Beta-2 adrenergic receptor dysfunction and polymorphism in asthma
- Ian P Hall, MD
Ian P Hall, MD
- Professor in Molecular Medicine
- University Hospital, Nottingham, UK
- Section Editors
- Peter J Barnes, DM, DSc, FRCP, FRS
Peter J Barnes, DM, DSc, FRCP, FRS
- Editor-in-Chief — Pulmonary and Critical Care Medicine
- Section Editor — Asthma
- Professor of Medicine
- National Heart and Lung Institute, Imperial College, London
- Benjamin A Raby, MD, MPH
Benjamin A Raby, MD, MPH
- Section Editor — Genetics
- Associate Professor of Medicine
- Harvard Medical School
While the powerful bronchodilatory properties of beta adrenergic agonists have been appreciated for many years, understanding of the molecular basis of their activity at the beta-2 adrenergic receptor did not begin until the late 1980s. The mechanisms of signal transduction from this receptor and the potential role of beta-2 adrenergic receptor dysfunction in the pathogenesis of asthma and its response to therapy will be reviewed here. The clinical use of beta agonists in the treatment of asthma is discussed separately. (See "Beta agonists in asthma: Acute administration and prophylactic use" and "Beta agonists in asthma: Controversy regarding chronic use".)
NORMAL RECEPTOR REGULATION
The gene encoding the beta-2 adrenergic receptor is situated on chromosome 5q31 . It encodes a protein that is a member of the large family of G-protein coupled, seven transmembrane-spanning domain receptors. The receptor is expressed on a variety of cell types in the lung, including airway smooth muscle and epithelial cells, vascular endothelium and smooth muscle cells, and inflammatory cells such as mast cells, eosinophils, and lymphocytes.
Stimulation of the beta-2 receptor results in activation of the associated G-protein, Gs, which dissociates to release a protein subunit, free Gs-alpha. Gs-alpha in turn activates adenylyl cyclase, resulting in a rise in intracellular cyclic adenosine monophosphate (AMP) levels. Most of the intracellular effects of beta-2 adrenergic receptor stimulation are due to the elevation in cyclic AMP and consequent activation of protein kinase A (PKA); there may also be direct, cyclic AMP-independent effects of Gs-alpha on the calcium-activated potassium channel [2,3]. (See "Peptide hormone signal transduction and regulation", section on 'G proteins'.)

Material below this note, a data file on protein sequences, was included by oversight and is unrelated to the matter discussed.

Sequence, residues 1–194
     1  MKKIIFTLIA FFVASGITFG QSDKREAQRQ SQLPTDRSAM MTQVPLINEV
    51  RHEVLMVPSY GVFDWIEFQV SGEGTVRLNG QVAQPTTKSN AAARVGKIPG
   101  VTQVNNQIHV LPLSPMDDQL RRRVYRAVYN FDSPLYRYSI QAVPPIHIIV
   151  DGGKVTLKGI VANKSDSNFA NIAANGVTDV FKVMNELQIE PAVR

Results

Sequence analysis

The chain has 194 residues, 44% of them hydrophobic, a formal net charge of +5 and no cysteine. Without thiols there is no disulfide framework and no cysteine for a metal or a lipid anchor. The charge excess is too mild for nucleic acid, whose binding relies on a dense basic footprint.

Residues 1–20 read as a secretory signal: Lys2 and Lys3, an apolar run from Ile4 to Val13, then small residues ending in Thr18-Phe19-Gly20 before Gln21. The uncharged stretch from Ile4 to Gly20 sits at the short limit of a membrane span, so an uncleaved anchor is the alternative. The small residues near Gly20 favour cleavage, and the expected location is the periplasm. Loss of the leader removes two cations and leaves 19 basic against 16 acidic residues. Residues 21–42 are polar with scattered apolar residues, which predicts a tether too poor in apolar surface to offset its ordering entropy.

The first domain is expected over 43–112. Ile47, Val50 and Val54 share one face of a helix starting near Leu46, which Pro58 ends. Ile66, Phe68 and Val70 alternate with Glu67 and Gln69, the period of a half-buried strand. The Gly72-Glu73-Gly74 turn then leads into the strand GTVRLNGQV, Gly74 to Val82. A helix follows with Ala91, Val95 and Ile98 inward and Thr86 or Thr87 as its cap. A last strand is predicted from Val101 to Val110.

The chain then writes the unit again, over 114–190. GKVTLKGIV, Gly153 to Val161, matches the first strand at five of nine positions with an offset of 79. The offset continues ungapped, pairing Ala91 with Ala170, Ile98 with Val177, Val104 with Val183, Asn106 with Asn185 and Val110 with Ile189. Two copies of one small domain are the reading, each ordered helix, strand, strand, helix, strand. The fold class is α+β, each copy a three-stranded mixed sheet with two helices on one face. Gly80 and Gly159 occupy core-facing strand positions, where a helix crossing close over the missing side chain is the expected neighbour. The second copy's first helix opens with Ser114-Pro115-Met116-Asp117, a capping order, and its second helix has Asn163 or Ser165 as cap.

The expression of beta-2 adrenergic receptors and their coupling with intracellular signaling pathways are dynamically regulated, providing a negative feedback loop that reduces cell responsiveness to long-term occupation of the receptor by an agonist. Phosphorylation of the receptor, either by PKA-dependent pathways or by activation of one of a family of G-protein receptor kinases termed beta-adrenergic receptor kinase (beta-ARKs), leads to reduced coupling with the intracellular signaling pathway following agonist stimulation. Different tissues vary in the degree of uncoupling seen with prolonged agonist exposure, probably due to differences in the amount and activity of beta-ARK and/or PKA in different cell types.
The number of receptors also is actively regulated.To continue reading this article, you must log in with your personal, hospital, or group practice subscription. For more information on subscription options, click below on the option that best describes you:
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- NORMAL RECEPTOR REGULATION
- RECEPTOR DYSFUNCTION IN ASTHMA
- RECEPTOR POLYMORPHISMS
- Clinical significance
- - Treatment response to regular SABA
- - Treatment response to LABA
- - Response to ultra-LABAs
- - Acute treatment response to SABA
- - Disease risk
- Cross talk with other signaling cascades